Madurai's unique link with the jasmine probably dates back to 300 BC or earlier. There are extensive references to the flower in Sangam literature — the Tamil poems of the period 300 BC to AD 300,which are believed to have been composed or written at the Sangam or assembly of Tamil scholars, regularly held in Madurai during that period. One of the Sangam poems describes how Pari, a Tamil king, could not bear to see a beautiful and delicate mullai jasmine creeper lying on the hard forest floor. And he gifted his royal chariot to the plant so that the jasmine creeper could twine itself around it and rest more comfortably!
The Jasmine is mentioned in old Hindu scriptures and also in ancient works like the Mahabharata and Kamasutra.
So why write a book on the jasmine? To begin with, I wasn't very clear about this, but after constant visits to the flower weavers, seeing them at work, listening to their stories, and witnessing the early morning ritual of the picking of the buds, day after day, I realized that the jasmine has a special relevance, as the lives and stories of the jasmine weavers are woven into each length of jasmine they string.
ISBN No.: 978-93-5300-241-1
For details contact 77080-91177
Leave two or three inches of thread at one end, and then begin
Place one flower above and one below on the thread as shown,
Pull the loop firmly so that the flowers stay in place.
Place another pair of flowers next to the first one.
Continue to add pairs of flowers in the same way
Uma Kannan is passionate about Indian art and culture, and the preservation of traditional wisdom through the revival of local crafts and skills. Over the years, this has inspired her active involvement in several educational, social and philanthropic causes, including programmes aimed at uplifting rural women, craftspersons, and the differently-abled. She has a doctorate in socio-cultural anthropology from Madurai Kamaraj University. She lives in Madurai and is the Vice President of the Thiagarajar College, Madurai.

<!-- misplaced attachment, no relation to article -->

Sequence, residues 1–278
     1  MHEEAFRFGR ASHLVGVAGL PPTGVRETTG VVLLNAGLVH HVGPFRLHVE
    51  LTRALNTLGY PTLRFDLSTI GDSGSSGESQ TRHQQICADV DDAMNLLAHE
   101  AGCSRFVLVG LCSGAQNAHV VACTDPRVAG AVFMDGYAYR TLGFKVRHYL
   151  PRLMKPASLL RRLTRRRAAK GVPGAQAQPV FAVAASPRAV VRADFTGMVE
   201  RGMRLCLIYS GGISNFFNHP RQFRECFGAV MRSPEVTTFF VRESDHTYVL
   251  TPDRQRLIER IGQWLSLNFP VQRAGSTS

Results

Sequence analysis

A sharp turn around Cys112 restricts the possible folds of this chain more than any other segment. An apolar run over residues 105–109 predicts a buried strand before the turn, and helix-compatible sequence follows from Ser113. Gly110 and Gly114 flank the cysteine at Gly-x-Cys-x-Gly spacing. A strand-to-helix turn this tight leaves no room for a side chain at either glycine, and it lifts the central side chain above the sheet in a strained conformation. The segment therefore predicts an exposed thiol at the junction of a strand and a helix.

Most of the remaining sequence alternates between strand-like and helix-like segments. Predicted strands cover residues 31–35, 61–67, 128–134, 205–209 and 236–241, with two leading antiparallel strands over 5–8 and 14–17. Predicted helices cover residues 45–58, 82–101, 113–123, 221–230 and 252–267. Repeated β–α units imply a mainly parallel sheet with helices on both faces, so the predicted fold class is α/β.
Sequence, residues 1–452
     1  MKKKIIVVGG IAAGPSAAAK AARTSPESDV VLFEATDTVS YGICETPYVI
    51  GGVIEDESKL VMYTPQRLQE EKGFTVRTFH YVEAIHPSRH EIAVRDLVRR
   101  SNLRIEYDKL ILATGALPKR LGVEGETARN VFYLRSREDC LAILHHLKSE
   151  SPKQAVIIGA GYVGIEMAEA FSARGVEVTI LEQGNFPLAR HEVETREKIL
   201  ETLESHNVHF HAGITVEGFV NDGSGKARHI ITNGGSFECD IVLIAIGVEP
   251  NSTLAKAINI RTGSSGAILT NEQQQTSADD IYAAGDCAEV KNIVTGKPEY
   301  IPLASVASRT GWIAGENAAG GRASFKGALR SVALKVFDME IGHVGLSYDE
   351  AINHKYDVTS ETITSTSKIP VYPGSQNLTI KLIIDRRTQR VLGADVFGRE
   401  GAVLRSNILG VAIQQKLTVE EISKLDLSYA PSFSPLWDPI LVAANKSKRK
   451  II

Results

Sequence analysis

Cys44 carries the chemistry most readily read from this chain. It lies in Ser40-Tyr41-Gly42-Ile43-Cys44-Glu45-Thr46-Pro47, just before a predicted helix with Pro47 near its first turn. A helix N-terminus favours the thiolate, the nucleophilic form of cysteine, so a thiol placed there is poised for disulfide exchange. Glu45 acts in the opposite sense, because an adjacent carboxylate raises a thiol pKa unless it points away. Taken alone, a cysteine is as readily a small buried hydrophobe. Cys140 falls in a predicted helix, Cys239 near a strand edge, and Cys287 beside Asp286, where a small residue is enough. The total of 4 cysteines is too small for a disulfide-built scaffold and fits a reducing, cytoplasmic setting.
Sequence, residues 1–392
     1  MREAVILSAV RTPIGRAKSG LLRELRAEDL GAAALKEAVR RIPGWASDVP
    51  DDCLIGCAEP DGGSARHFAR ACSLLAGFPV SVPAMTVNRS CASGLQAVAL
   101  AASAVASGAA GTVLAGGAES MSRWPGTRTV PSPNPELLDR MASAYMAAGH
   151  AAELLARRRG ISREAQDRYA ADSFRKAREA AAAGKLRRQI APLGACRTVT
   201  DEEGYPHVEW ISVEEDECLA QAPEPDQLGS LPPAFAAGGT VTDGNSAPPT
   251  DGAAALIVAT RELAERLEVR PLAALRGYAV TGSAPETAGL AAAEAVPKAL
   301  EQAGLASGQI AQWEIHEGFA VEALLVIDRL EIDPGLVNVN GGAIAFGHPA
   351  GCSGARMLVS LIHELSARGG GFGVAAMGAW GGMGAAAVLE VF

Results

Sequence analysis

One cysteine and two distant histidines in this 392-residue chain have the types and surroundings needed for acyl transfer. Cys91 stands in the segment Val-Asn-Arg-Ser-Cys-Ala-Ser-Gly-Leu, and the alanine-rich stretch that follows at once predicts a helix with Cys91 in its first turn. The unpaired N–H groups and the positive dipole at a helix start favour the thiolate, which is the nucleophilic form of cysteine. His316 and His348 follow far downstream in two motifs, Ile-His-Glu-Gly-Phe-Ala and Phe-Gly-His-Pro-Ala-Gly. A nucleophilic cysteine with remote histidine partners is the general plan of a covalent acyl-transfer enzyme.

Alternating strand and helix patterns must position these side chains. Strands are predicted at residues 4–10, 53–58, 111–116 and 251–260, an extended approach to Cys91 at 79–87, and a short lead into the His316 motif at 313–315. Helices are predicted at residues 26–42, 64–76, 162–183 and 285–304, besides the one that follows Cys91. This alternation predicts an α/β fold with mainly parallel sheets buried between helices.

Leaving India with a copy of Madurai Malligai wasn't easy. I was very lucky that my hotel in Madurai helped me to get a copy through Dr Kannan's publisher on the morning before I left. I enquired with a number of bookstores in Madurai with no luck and at the time, every online retailer was out of stock. I'm hoping this will change in the future because this is an excellent book for anyone interested in flowers and perfumery; I already have a list of friends I want to gift a copy
The jasmine, called Mallipoo in Tamil, is said to have risen to significance when the legendary king Paari spotted it during one of his hunting trips. So says a legend from one of the earliest Tamil poems of the Sangam Era, between 300 BCE and 300 CE. Another legend goes that the King of Ayodhya, Parthan devoutly worshipped Lord Shiva in a forest full of jasmine vines. Several other legends and mythological stories surround the significance of jasmine in the ancient texts. These tales allude to the prominence of the flower in the history of Tamil culture, which at the time flourished around the city of Madurai. The matron of Madurai, the Fish-eyed Goddess, Meenakshi, who is a manifestation Goddess Parvati, is adorned with mallipoo every night, in a ceremony that prepares her for her time with her husband, Lord Shiva. A commonly held belief is that the goddess’ love for the flower makes the unique variety of jasmine grown in and around Madurai, called Madurai Malligai, the most coveted one of all. Read More...
Source : https://www.kamalan.travel/narratives/jasmine-lady-of-madurai
Enticing royals and common people alike with its sublime fragrance for centuries on end, Madurai’s famous malli or jasmine is now celebrated as the subject of a new book